On appeal from the Hudson County Court of Common Pleas.
For the appellant, Wilbur A. Stevens.
For the respondent, Jacob E. Max.
Before Brogan, Chief Justice, and Justices Parker and Oliphant.
The opinion of the court was delivered by
PARKER, J. The plaintiff respondent, a widow of middle age, while shopping in defendant's "self service" food store, was injured, according to her testimony, by several cans containing food falling from a counter on one of her feet as she was passing through an aisle; and brought the present action for damages. The jury found a verdict of $1,500 in her favor, and defendant appeals. The grounds of appeal are: refusal to nonsuit on the ground of (a) no proof of negligence: (b) assumption of risk: refusal to direct a verdict for defendant on the same grounds, and (c) contributory negligence.
Assuming for the nonce that the evidence indicated primary negligence of defendant, we see no merit in the defense either of contributory negligence or assumption of risk. The plaintiff was following the course habitual in such stores: she was provided by the management with a sort of pushcart, called by her a "wheel" and by defendant a "carriage" and was selecting and placing thereon from the counter display such goods, apparently in cans or packages, as she wished to buy, to be checked later by the cashier. Her claim was that as she was passing through a narrow space between two loaded counters and in the act of meeting another customer, several cans fell from a counter on her foot, causing injury which required surgical treatment. In her testimony she claimed that the fall of the cans was caused by vibration due to a heavy truck passing through the street: but the jury were not confined to that theory either on the record or in the charge of the court. The complaint charged negligence in five aspects: (1) maintenance of the stock in a dangerous condition: (2) employment of incompetent help: (3) and (4) substantially the same as No. 1: (5) failure to give notice of the danger. The proof indicated that there were no attendants at the counters, but that the goods were stacked thereon and that customers helped themselves, as already stated.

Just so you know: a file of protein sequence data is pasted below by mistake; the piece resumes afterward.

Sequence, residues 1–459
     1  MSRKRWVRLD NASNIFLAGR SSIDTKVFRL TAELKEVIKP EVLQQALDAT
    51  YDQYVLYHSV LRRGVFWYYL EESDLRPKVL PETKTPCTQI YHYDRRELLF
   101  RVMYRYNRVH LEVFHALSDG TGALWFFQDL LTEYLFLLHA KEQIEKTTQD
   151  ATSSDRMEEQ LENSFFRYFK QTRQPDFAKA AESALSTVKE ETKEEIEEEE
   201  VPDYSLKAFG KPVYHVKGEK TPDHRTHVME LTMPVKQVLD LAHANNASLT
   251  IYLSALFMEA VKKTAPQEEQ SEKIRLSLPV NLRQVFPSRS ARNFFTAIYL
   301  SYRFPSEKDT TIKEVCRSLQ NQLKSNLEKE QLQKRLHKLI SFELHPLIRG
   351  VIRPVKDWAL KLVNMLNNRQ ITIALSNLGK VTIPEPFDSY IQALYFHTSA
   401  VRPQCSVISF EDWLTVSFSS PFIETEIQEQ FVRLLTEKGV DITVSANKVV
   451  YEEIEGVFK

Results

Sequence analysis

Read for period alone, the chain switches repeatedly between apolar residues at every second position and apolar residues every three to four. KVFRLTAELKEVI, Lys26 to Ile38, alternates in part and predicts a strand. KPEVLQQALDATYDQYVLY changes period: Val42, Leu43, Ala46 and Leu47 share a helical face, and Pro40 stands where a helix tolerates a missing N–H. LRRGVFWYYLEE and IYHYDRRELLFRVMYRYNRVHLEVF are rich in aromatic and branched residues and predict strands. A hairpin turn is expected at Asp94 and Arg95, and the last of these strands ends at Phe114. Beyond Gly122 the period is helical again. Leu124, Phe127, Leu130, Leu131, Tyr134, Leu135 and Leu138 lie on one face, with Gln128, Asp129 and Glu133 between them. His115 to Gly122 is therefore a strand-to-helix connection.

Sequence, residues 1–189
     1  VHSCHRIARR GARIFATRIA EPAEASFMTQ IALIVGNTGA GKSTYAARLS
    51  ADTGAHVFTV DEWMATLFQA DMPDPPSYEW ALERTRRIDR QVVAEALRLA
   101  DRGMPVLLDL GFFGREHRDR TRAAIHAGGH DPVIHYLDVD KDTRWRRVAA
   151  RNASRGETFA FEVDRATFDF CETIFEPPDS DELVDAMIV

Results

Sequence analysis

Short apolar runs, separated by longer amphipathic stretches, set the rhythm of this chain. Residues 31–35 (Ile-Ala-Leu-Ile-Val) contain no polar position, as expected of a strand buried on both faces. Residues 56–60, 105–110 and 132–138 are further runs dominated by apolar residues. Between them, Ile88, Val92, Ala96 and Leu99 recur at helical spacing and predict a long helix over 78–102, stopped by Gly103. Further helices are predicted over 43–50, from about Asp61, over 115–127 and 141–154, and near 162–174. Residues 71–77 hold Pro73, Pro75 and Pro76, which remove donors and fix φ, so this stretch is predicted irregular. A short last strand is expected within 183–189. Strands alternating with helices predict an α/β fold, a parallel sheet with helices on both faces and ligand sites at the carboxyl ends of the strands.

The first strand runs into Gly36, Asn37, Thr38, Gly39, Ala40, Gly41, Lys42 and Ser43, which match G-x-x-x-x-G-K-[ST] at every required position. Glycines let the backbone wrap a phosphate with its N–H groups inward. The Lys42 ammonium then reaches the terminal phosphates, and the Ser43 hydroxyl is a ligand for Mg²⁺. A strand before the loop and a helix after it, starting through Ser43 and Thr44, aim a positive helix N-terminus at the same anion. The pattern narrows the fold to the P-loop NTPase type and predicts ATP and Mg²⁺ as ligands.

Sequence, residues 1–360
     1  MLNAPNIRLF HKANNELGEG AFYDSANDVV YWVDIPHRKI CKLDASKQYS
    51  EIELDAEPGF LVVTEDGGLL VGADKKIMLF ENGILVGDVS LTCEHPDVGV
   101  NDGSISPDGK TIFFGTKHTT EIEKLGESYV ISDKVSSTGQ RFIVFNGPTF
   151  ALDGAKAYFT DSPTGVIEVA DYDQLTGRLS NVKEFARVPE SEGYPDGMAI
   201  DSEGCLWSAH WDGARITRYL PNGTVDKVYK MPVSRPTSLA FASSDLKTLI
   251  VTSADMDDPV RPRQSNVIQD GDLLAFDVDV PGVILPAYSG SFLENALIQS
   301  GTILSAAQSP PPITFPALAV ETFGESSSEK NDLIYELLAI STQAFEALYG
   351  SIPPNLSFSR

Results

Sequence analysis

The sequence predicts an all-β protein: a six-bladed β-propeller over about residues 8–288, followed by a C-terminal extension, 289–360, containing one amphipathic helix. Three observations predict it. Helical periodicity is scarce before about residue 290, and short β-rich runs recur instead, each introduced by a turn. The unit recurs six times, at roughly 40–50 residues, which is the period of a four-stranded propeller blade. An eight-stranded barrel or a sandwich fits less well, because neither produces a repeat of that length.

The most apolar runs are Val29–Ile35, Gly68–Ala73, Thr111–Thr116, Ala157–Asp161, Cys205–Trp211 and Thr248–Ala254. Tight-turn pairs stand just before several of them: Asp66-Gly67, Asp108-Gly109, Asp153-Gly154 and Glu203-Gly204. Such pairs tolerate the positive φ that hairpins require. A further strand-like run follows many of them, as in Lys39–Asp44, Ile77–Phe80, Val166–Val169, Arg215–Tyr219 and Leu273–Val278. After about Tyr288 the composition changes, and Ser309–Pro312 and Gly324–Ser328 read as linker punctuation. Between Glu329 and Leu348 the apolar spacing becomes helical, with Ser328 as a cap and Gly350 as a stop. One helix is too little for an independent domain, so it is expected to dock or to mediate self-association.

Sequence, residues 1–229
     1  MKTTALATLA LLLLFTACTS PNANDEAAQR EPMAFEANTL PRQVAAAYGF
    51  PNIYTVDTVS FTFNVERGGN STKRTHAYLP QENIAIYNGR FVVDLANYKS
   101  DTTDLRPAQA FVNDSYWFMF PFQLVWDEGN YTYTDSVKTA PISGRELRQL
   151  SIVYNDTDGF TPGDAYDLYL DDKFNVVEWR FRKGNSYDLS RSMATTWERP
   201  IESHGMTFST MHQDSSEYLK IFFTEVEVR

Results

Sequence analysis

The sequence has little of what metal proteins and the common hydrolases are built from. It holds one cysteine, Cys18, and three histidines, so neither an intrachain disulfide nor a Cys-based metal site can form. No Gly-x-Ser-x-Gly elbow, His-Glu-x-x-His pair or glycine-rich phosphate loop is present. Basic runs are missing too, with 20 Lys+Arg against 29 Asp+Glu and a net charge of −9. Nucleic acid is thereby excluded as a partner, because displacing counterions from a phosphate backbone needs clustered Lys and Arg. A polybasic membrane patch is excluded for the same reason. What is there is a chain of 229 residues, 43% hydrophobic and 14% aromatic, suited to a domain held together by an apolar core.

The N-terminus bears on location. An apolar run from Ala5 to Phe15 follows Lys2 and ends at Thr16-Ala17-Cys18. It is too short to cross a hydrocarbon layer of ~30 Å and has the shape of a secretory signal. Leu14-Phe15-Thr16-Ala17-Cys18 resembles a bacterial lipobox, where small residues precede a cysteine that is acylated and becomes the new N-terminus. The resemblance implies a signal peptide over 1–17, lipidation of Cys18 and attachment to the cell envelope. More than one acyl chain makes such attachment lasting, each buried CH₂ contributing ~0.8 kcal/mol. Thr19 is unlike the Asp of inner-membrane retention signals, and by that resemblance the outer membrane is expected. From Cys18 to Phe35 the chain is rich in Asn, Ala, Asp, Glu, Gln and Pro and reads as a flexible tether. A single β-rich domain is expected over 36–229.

The main point seems clear: that from the fact of the cans falling apparently without any direct human intervention, it was legitimate for the jury to infer negligence of some kind within the limits of the complaint: and the question
whether or not the fall was due to vibration caused by a truck, or mere faulty stacking of the goods, seems to us quite immaterial. The court quite properly left the question of negligence to the jury; and that is the only point made on this appeal.